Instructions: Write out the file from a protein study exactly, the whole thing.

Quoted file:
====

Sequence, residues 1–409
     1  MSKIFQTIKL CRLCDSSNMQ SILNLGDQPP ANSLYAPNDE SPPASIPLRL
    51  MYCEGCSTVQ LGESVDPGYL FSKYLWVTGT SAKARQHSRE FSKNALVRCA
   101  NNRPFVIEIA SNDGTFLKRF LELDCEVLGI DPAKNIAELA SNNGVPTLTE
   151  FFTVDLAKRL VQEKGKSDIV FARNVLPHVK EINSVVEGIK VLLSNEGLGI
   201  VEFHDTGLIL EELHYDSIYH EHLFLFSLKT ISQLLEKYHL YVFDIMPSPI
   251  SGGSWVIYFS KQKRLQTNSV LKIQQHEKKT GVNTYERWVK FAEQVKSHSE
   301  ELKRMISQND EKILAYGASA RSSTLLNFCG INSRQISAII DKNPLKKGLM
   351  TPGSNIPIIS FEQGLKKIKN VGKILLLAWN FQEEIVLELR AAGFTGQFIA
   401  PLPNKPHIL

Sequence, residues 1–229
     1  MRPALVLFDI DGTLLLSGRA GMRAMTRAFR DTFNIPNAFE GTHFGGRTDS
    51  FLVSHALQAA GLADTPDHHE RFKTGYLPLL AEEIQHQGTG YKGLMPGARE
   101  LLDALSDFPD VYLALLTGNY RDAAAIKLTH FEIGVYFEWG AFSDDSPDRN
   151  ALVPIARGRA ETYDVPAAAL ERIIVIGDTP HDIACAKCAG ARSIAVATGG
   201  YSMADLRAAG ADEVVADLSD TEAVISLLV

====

Sequence, residues 1–409
     1  MSKIFQTIKL CRLCDSSNMQ SILNLGDQPP ANSLYAPNDE SPPASIPLRL
    51  MYCEGCSTVQ LGESVDPGYL FSKYLWVTGT SAKARQHSRE FSKNALVRCA
   101  NNRPFVIEIA SNDGTFLKRF LELDCEVLGI DPAKNIAELA SNNGVPTLTE
   151  FFTVDLAKRL VQEKGKSDIV FARNVLPHVK EINSVVEGIK VLLSNEGLGI
   201  VEFHDTGLIL EELHYDSIYH EHLFLFSLKT ISQLLEKYHL YVFDIMPSPI
   251  SGGSWVIYFS KQKRLQTNSV LKIQQHEKKT GVNTYERWVK FAEQVKSHSE
   301  ELKRMISQND EKILAYGASA RSSTLLNFCG INSRQISAII DKNPLKKGLM
   351  TPGSNIPIIS FEQGLKKIKN VGKILLLAWN FQEEIVLELR AAGFTGQFIA
   401  PLPNKPHIL

Sequence, residues 1–229
     1  MRPALVLFDI DGTLLLSGRA GMRAMTRAFR DTFNIPNAFE GTHFGGRTDS
    51  FLVSHALQAA GLADTPDHHE RFKTGYLPLL AEEIQHQGTG YKGLMPGARE
   101  LLDALSDFPD VYLALLTGNY RDAAAIKLTH FEIGVYFEWG AFSDDSPDRN
   151  ALVPIARGRA ETYDVPAAAL ERIIVIGDTP HDIACAKCAG ARSIAVATGG
   201  YSMADLRAAG ADEVVADLSD TEAVISLLV